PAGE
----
Institute for Web Science and Technologies · Universität Koblenz
Institute WeST


Learning Argumentation Frameworks from Labelings

30.09.21. Since its introduction by Dung in 1995, a central aspect of abstract argumentation has been the argumentation semantics. These semantics are concerned with computing sets of arguments which satisfy certain criteria based on the structure of attacks in the argumentation framework. Two approaches can be distinguished for the output of argumentation semantics: extensions and labelings. In the scope of this work we will mainly focus on labeling-based argumentation semantics. A topic which has not received as much attention so far is going in the opposite direction of semantics: Constructing argumentation frameworks from a given set of labelings such that these argumentation frameworks produce all input labelings. This master thesis presents a novel approach for learning argumentation frameworks from labelings. An important element of this approach is computing all argumentation frameworks that satisfy the input labelings instead of simply finding any suitable argumentation framework. This is especially important, for example, if we receive additional labelings at a later time and want to refine our result without having to start all over again. The developed algorithm will be compared to the existing work on this topic and an evaluation of its performance has been conducted. [read more...]

Complexity of Nonemptiness in Control Argumentation Frameworks

16.09.21. Control argumentation frameworks (CAFs) extend the standard model of argumentation framework (AF) due to Dung, one of the most central frameworks to model discussions among agents in argumentation theory, in a way that takes unquantified uncertainty regarding arguments and attacks into account. Complementing recent work by Skiba et al. for incomplete argumentation frameworks, we study the (nonempty) existence problem for CAFs and fully analyze its computational complexity for the most common semantics. [read more...]

Using neural networks for approximate approaches as a heuristic to exact methods with abstract argumentation frameworks.

22.07.21. argumentation is a method for providing abstractions of problems along three spectrums: arguments, attacks, and acceptability, the latter the most important property of a semantic. Exact approaches, often using reduction to some other formalism such as SAT and ASP, are known to be computationally hard and hence, difficult to solve for realistic models. In addressing those issues, this research firstly implements neural networks to predict credulous acceptability of abstract arguments, as a classification problem. Secondly, we propose to implement an efficient heuristic by using the approximate method to set warm-start point, minimize backtracks steps and maximize the performance of a complete solution, so-called DREED, to abstract argumentation problems. To the best of our knowledge, this combination has not been explored yet within the argumentation community. [read more...]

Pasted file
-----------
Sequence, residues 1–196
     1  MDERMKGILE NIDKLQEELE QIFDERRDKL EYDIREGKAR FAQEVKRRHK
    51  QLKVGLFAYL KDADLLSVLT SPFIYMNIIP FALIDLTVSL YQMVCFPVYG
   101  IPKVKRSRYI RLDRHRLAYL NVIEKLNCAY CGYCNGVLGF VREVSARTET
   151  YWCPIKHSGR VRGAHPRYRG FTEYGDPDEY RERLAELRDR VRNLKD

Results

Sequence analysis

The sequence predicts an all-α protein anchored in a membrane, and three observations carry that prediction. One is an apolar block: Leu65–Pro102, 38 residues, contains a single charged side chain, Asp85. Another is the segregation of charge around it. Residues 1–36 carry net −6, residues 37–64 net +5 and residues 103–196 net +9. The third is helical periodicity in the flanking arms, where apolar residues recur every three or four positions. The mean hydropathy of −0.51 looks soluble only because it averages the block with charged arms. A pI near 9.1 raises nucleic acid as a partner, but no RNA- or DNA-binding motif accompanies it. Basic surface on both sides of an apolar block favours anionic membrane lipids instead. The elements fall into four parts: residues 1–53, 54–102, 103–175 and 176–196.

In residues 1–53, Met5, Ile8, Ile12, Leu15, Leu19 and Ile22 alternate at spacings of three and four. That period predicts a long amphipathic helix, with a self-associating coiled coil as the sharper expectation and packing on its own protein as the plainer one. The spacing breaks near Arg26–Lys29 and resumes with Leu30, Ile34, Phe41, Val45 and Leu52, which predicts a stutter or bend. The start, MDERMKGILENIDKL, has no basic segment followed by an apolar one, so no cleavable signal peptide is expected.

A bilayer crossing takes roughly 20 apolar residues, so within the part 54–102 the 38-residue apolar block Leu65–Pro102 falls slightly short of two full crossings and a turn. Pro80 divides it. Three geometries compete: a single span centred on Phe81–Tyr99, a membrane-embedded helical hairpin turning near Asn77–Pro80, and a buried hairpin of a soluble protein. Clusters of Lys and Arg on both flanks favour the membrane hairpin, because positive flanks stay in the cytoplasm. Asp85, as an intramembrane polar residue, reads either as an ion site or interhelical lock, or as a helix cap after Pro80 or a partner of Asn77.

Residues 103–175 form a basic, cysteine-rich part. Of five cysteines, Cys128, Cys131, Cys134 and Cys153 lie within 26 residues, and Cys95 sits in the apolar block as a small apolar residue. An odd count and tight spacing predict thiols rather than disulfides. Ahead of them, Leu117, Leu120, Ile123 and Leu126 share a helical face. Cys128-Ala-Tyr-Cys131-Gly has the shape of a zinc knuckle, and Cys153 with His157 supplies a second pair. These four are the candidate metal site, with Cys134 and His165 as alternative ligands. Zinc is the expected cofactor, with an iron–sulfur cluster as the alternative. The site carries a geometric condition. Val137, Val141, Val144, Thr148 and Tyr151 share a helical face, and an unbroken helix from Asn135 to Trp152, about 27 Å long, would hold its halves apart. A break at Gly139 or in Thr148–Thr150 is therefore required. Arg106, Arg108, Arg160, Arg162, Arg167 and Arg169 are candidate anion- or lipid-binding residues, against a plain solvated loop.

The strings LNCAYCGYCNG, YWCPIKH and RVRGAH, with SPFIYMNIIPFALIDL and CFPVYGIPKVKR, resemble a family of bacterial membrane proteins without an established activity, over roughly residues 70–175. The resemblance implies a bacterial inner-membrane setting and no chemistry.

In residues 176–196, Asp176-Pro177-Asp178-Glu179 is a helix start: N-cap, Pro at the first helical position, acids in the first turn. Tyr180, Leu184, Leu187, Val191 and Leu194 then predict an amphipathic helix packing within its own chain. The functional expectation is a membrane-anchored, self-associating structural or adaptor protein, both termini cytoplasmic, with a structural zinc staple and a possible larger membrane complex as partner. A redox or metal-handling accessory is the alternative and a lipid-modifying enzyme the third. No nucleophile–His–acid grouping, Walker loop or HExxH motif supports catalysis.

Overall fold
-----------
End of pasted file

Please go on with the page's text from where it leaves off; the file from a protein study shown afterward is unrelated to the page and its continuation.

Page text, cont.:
Deep Learning for Differential Diagnosis and Prediction in EHR Data

08.07.21. Over the last decade, the generation of massive Electronic Health Records (EHR) allowed researchers to explore the secondary use of these data in the field of biomedical informatics researches. Recent researches showed that deep learning models are efficient in collecting important features from EHR data and predict a disease diagnosis. However, these models performed inadequately when it comes to extracting important features from heterogeneous EHR data and predicting multiple disease outcomes. This thesis aims to provide a method to generalize different EHR structures and then train a deep learning model to predict multiple disease outcomes. Thereby, the model would help in differential diagnosis where multiple other disease outcomes are identified given some symptoms. To the best of my knowledge, this is the first time a deep learning model would be used in differential disease diagnosis prediction. [read more...]

Revisiting minimal admissible sets in abstract argumentation

01.07.21. We introduce elementary cores as sets of arguments of an abstract argumentation framework that are minimally admissible for each of its members. Elementary cores are used to decompose arbitrary admissible sets and characterise certain admissibility-based semantics. Elementary cores can then be used to explain the reasoning process behind these semantics using a simple rule transition system. [read more...]

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